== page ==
Interesting observation Peter, and whether you are right will prove itself. When I read I remembered a long blog post on the hollow U.S. dollars economy, which was published this spring, written by Rick Falkvinge, Pirate party. Whatever one thinks of this party and Falk Vinge himself, it is interesting reading, I think.
by Andreas Tuesday, 30 September 2008 at 11:27
OK, I do not think this crash may get more space in future history books than September 11. We will see when the time comes.
The most interesting lesson so far, I think it is, the economists managed to put their eggs in so many baskets that they no longer know where the rotten apple is (to mix metaphors).
By the way: “May you live in interesting times” is a good curse, but it’s not Chinese(http://www.faktoider.nu/interesting.html). Just like the jumping brokers from 1929 is a myth, which I think I first read in your book.
by Peter Olausson Tuesday, 30 September 2008 at 12:18
I think you are right. Many say “It’s about psychology”, but many seem to forget that U.S. dollars are dollars – economic values are subject to the laws. I am also thinking about phenomena in the philosophy known as the “Prisoner dilemma” if several individuals can and are allowed to prioritize themselves and suck out a social construction, it will collapse sooner or later. Certainly, I think there is still chance to reverse, but no one will be able to do what is required. If we are lucky something better will come out of this.
One strategic rule is to listen to such thinkers and commentators who do not have their own dogs in the race. In most cases, the ones who are now trying to calm us down, have their own interests at stake when it comes to making sure the system will operate soundly.
I remember a story I read from you Peter Englund, that from a historical perspective discussed how a population never know at which point their fate is doomed, when a society’s decay begins. Is this such a critical point?
by JM Tuesday, 30 September 2008 at 12:18
As an expert in political science, who I am, one must be careful about predictions, but it is funny that your forecast is almost on the spot identical to mine. The only difference is that I see Sept. 11 as the start of the dissolution of the United States as a superpower. So it is more like the start of a continuous process rather than a single event.
by Lars Karlsson Tuesday, 30 September 2008 at 12:28
9 / 11 is, of course, as pointed out in many contexts, an ideal from the popular fantasy standpoint. It is visual, an “in your face”, scary, expressive image or series of images, something already, the French sociologist Gustave le Bon discovered in the late 1800s in his book on mass psychology.
le Bon stressed the fact that what speaks to the masses imagination must present itself in a form that is a surprising and very clear picture. The picture should be free from any unnecessary explanations or be accompanied by only a few strange or mysterious facts: a great victory, a great miracle, a great offense or a great hope.
Le Bon pointed out that something as an epidemic of the flu, who some years before le Bon wrote his book had caused five thousand people’s death in Paris alone, was shown to have a minimal effect on the popular imagined, the image creation. This is according to him due to the fact that the epidemic is not embodied in any visual image, but could only be seen in the form of the statistical information was given every week. It is not difficult to imagine the current financial crisis in those terms, at least in the initial stage.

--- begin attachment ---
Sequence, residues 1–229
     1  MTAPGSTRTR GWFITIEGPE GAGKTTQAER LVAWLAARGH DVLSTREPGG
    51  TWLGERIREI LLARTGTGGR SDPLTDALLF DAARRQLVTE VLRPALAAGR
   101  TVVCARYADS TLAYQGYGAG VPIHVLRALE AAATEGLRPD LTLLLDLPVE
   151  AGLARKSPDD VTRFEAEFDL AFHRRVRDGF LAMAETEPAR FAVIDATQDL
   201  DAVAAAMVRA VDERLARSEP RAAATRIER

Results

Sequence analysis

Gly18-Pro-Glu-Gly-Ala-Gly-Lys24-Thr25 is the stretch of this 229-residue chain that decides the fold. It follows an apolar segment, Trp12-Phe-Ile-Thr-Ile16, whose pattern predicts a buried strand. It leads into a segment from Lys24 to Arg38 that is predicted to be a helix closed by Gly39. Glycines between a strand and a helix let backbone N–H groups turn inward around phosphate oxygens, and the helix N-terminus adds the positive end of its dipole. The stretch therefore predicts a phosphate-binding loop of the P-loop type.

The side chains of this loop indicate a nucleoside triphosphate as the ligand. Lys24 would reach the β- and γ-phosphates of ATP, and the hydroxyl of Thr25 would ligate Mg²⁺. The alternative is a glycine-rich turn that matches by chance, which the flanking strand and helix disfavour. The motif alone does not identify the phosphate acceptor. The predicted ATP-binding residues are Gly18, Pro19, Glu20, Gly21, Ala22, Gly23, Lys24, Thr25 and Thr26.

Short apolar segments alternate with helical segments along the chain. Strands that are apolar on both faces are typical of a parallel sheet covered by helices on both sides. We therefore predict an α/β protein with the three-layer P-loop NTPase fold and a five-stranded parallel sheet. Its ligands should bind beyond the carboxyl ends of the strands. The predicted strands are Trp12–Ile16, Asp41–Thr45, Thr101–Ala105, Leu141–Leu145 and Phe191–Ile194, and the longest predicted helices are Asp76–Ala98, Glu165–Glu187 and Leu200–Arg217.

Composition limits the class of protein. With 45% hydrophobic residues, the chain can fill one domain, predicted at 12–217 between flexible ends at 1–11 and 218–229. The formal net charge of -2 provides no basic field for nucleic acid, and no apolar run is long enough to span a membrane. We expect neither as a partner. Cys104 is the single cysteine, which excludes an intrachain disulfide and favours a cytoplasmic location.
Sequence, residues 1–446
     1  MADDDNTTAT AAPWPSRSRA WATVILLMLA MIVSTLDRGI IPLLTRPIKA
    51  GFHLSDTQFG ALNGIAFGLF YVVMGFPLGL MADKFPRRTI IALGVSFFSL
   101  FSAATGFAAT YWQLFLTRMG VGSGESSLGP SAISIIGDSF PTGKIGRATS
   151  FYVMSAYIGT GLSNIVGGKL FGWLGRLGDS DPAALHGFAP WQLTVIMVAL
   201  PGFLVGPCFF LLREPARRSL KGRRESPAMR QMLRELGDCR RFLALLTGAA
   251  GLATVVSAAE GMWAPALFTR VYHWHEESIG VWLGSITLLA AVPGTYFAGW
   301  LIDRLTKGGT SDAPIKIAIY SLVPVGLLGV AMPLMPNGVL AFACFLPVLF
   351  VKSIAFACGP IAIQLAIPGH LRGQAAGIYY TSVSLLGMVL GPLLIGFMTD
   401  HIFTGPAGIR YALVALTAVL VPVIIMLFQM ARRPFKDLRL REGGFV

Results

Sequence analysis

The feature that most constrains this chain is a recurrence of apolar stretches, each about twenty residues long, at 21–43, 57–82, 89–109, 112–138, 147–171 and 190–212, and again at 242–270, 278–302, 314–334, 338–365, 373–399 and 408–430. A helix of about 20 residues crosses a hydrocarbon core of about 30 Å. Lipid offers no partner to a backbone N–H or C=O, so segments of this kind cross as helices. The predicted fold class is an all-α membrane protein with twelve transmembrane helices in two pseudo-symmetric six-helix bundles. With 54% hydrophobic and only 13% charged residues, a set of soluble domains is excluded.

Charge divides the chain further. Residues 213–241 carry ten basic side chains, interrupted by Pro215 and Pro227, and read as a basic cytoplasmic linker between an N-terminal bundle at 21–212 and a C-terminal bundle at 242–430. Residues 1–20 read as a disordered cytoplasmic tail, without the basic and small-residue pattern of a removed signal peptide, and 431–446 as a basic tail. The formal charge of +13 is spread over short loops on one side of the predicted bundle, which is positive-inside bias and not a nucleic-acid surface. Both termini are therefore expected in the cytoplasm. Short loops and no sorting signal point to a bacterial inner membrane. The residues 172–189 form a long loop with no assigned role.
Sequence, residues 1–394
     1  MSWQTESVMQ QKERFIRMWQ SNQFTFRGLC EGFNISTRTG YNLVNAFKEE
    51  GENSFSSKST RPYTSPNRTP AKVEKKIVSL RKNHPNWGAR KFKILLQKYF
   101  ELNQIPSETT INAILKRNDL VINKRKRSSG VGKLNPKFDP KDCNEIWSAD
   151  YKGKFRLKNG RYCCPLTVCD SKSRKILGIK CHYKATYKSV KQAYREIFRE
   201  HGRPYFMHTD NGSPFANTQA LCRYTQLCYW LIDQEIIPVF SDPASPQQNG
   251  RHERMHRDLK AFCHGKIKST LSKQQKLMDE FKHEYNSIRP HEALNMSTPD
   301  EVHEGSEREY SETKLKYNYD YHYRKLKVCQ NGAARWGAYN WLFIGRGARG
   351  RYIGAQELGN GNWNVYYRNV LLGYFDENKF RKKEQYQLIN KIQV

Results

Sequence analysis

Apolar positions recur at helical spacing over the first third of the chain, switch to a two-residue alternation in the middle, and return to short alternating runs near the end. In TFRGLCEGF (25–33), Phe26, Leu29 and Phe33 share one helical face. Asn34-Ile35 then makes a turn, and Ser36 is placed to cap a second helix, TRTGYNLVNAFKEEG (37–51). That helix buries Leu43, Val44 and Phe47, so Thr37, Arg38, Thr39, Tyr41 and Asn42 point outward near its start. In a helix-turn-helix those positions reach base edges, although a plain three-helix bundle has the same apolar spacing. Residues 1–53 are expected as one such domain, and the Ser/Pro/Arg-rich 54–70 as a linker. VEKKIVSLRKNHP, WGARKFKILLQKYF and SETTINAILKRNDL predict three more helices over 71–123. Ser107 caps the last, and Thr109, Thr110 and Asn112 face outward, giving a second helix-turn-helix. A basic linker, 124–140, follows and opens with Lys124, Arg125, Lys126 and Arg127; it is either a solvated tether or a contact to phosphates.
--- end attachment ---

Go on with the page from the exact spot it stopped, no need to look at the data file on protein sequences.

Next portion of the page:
However, I am not so sure that the claim about bin Laden’s low impact on the Western world is entirely correct. Hasn’t the control society taken a giant step forward since 9 / 11?
by Sven-Erik Klinkmann Tuesday, 30 September 2008 at 2:34
We will see what this crisis leads to, in political terms. We may possibly see a series of half-hearted compromises that in the worst case may worsen the crisis.
The problem with the keynsianism (wasn’t Dag Hammarsköld and Gunnar Myrdahl on the same track as Keynes, but a little earlier?) Is the practical application. The idea is of course, simplified said, that the state is spending more money than it generates during recessions in order to maintain consumption and economic activity. This is financed by generating more than you spend during the good times. At the same time one softens the problems that leads to structure problems and inflation.
The difficulty is identifying the right moment to change policy. Recession policy should be deployed just when the economic boom has passed the peak. And the tightening should begin when recession’s worst stage starts to be over. Economists tend to error here, and they usually have difficulties to get politicians to understand when the moment comes. Consequently, the timing goes wrong and the result is that the fiscal policies that is meant to help the situation rather worsens it.
It is this difficulty which eventually made government after government to abandon the keynsianism and began to get closer to free market forces instead. Now the world economy in again at a dead end. We will see if the world and mainly, U.S. politicians, will take the right measures in time. It doesn’t look hopeful.
by Sune Portin Tuesday, 30 September 2008 at 3:25
When I took the power after almost having lost it before I got it, I realized the importance of stability by sacrificing some of the wealth I had earlier squandered …. Yes, you can start a blog like that, but it struck me that it could be that way. The wonders of the Power in the microscope appears to be completely different with the historical opportunity to look back in time but never ahead. And here we are now. No one’s debt is the other’s but cumulatively it definitelly is. So, sure, the financial instruments have been used, and the old has been hidden in the new. Covered by new and new debpt. But the poor and indebted remains so since the richer remains richer and richer … … …
of Hadrian Imperator Tuesday, 30 September 2008 at 3:38
Sven-Erik! le Bons observations are very interesting, and quite accurate, I think. As for the control society, you have obviously right, unfortunately: all those measures will remain LONG after the bin Laden has disappeared and the hysteria that caused them has been forgotten. What I meant was the immediate effects.
by peter Englund Tuesday, 30 September 2008 at 4:03